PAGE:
An offset account is just one of the many lending features available to borrowers – but what is it and how does it save you money?
What is a home loan offset account?
An offset account is a transaction (or savings) account which is linked to your home loan. The money in this account is “offset” against the balance of your loan, meaning you only pay interest on the difference.
As the balance in this offset account grows, the amount you save on interest also grows, which could save you money and cut the amount of time it takes you to pay off your loan.
What types of loans can offset accounts be used with?
Offset accounts can be linked to either a variable or fixed rate home loan, with some lenders requiring an offset account for a portion of a fixed term.
While there are different variants of offset accounts available, by far and away the most common is the 100% balance offset account. As used in the Louis example above, the total offset account balance is subtracted from the outstanding loan balance before interest is calculated. Because of the ‘saving’ nature of a 100% offset account, the balance in the offset account doesn’t earn any interest (eg. this would effectively be ‘double-dipping’).
How much can you really save with an offset account?
To accumulate the most savings, the amount of money sitting in the offset account must be consistently at a reasonable level (eg.$100 isn’t going to do it for you!).
One of the ways that people manage to maximise the amount in their offset accounts is by putting all of their work income into their offset account and using a credit card for their expenses/purchases made throughout the month. Critically, they then make a lump sum payment from the offset account once a month at the time ‘due’ from their credit card provider to balance the credit card back to $0 (and hence avoiding any interest charges and fees from the credit card itself).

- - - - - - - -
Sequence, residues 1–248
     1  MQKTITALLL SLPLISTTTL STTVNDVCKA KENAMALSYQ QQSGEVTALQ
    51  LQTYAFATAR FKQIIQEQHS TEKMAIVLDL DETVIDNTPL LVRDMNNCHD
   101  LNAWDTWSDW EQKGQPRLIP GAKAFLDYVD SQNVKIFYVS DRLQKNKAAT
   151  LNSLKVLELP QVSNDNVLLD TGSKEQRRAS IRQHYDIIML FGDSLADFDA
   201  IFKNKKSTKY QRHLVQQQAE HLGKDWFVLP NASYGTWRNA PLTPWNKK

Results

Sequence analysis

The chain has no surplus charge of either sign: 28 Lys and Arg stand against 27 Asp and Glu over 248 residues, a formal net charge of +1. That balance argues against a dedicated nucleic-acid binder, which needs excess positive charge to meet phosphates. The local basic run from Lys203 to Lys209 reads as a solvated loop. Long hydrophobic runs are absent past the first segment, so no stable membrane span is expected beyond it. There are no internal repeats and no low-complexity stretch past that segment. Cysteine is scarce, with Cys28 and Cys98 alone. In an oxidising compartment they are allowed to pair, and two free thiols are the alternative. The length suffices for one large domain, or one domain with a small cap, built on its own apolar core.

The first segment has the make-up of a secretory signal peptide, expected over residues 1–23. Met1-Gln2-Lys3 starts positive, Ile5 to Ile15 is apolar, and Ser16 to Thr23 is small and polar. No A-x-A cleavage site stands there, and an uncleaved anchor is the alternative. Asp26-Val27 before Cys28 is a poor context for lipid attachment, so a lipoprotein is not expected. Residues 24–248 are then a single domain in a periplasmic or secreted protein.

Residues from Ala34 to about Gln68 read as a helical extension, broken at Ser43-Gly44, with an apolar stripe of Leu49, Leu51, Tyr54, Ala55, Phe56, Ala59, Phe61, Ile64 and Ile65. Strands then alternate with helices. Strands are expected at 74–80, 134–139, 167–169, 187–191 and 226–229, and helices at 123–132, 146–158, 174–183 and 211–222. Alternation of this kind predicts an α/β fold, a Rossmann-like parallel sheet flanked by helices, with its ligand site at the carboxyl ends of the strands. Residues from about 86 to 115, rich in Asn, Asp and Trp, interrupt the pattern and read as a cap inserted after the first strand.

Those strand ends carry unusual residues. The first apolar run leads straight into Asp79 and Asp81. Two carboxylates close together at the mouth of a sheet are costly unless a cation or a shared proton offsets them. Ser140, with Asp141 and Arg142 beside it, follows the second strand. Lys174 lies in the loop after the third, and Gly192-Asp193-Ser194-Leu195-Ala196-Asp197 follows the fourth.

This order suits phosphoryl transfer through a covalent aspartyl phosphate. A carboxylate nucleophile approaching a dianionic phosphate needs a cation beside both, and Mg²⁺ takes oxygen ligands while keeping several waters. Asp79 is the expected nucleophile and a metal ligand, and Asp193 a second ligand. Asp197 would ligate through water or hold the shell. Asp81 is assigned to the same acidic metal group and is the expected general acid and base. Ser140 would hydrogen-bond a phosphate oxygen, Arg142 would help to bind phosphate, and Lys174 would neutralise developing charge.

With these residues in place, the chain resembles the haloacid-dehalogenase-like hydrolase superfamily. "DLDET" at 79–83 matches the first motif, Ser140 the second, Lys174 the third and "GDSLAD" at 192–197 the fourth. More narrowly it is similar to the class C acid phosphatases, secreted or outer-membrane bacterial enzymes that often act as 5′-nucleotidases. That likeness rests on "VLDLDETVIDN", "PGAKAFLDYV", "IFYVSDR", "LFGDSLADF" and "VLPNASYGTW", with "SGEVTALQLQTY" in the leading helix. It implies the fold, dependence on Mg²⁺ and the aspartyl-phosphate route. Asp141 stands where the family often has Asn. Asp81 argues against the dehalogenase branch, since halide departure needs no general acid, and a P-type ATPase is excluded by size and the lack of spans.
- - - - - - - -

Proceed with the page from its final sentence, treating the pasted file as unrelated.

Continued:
As with many financial product features, there are often certain types of fees and premiums involved. And while saving money long term is the focus here, you have to make sure you do the basic sums to ensure that the fees don’t end up costing you more than the amount you save by reducing the interest bill on your home loan!
Some of the common fees and premiums involved with offset accounts can include:
- standard transaction fees
- application/establishment fees
- higher monthly account keeping fees
- higher interest rates
For some people, the benefits of a slightly lower home loan interest rate and the possibility of a reduced loan term outweigh the costs of maintaining an offset account. However, for many others who are able to consistently maintain a reasonable balance in the offset account, they can make a meaningful saving. At the end of the day, it depends on your personal financial situation.Read More →